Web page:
We’ve all done some wild things in the name of love: run along train platforms in the rain, leap over TSA scanners to get one more kiss before a beloved’s flight, and hijack the high school’s PA system to sing “I Love You Baby” from the bleachers while dodging security guards. Or maybe those particular things only ever happened in romantic comedies. But one very real declaration of love occurred this year when South Dakota resident Diane Nesselhuf drank a can of Coors Banquet beer that she’d had in her possession since 1971, the year that she and her late husband, Ed Nesselhuf, were married.
The Nesselhufs were married on Valentine’s Day 50 years ago, just over a year after meeting one another. Shortly after the wedding, Nesselhuf explained to KCAU-TV, the couple drove to Colorado to see Ed’s family members who were unable to attend the wedding—and while there, they picked up an eight-ounce can of Coors.
“You couldn’t buy Coors anywhere but Colorado [at that time],” said Diane. “I just remember Ed pulling it out and saying, ‘We’ll drink this at our 50th anniversary.’”
Over the years, the can of beer followed the couple (and their growing family) to many homes in many states; Ed’s work as a pastor meant that the family moved several times over the years.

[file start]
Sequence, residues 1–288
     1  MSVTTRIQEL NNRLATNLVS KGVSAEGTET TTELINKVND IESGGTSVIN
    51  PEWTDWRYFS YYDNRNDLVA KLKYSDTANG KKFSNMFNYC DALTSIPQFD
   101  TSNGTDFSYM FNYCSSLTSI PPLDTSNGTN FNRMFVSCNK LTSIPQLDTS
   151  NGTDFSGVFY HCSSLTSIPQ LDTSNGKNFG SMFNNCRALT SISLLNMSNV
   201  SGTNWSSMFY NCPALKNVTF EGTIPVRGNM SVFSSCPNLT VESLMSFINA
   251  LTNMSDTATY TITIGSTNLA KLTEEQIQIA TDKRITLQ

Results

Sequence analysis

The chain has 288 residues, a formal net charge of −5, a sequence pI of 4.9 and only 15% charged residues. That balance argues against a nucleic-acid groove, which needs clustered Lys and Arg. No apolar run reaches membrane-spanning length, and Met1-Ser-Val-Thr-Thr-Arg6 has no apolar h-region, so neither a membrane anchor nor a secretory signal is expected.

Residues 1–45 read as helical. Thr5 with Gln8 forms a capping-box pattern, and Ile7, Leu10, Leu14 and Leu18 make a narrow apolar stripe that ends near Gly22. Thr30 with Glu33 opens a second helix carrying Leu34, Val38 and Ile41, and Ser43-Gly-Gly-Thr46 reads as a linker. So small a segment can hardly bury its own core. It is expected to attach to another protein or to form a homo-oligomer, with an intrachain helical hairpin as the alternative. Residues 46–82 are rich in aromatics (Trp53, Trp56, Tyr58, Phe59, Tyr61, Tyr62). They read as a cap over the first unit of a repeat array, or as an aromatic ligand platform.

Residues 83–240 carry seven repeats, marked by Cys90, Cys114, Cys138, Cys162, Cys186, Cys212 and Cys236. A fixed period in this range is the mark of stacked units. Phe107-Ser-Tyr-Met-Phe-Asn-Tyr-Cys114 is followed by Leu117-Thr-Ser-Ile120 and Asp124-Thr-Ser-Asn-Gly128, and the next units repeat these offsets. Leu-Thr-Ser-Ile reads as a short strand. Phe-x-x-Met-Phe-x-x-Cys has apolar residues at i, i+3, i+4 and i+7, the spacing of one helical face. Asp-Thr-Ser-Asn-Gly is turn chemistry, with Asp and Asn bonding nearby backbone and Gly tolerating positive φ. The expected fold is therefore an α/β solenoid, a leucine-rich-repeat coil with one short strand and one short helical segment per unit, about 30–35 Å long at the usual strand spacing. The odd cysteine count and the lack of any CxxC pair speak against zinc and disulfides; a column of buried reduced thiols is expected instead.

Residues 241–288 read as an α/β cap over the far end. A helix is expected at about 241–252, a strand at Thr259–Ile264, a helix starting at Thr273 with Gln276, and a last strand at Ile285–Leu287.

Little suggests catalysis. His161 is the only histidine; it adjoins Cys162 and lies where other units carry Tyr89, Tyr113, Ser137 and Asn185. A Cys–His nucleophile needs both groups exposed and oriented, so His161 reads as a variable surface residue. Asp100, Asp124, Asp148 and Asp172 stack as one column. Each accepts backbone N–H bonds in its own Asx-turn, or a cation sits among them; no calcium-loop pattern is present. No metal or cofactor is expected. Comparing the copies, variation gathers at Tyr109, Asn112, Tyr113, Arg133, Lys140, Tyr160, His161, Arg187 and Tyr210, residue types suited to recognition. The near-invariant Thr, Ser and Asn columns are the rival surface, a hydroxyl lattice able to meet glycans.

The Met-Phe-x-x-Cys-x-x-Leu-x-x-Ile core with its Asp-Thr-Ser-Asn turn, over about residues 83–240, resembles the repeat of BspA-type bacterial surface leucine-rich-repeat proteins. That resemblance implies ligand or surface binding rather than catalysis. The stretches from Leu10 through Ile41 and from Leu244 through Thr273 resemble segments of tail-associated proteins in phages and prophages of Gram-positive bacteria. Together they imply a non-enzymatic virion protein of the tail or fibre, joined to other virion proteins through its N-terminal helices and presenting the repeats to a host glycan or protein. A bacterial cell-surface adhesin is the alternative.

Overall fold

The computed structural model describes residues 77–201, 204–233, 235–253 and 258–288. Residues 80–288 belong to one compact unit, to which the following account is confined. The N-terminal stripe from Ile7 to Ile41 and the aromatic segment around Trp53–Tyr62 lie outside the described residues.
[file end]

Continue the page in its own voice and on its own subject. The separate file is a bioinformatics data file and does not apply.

“It went from Wisconsin, to Minneapolis, to British Columbia, to Rapid City, to Chamberlain, to Maryland, and back to Vermillion,” said Diane. Their children knew about their parents’ 50th anniversary plan; their son Ben told KCAU that throughout his childhood he would occasionally slosh the Coors can around to make sure the contents hadn’t turned to “sludge.”
In 2016, however, Ed Nesselhuf died from lung cancer. Shortly before Ed’s death, Ben promised his father that he would drink the beer with Diane on the couple’s 50th wedding anniversary in his father’s stead. And this year, that’s exactly what he did—with his cell phone filming the moment the Coors Banquet can was cracked open and both mother and son sampled the half-century-old beer.
“If you never hear from us again, it’s because we have botulism,” Diane jokes just before the pour.
So how did the 1971 vintage taste? You can see clips from the home video within the news segment, but suffice it to say that Diane was pleasantly surprised by the flavor. “It’s kinda good!” she says after the first sip, which appeared to retain some of its carbonation. Later, in her news interview, she confirms that the beer was “very tasty.”
“I thought it would be full of crap, but it wasn’t,” she said.
In the video, Ben more or less agrees with her appraisal, saying that it tastes surprisingly sweet. Though probably not as sweet as this giant beer can cake that Coors sent to the family upon hearing their story.
Have you ever consumed something this far past its expiration date? And if so, was it in the name of love?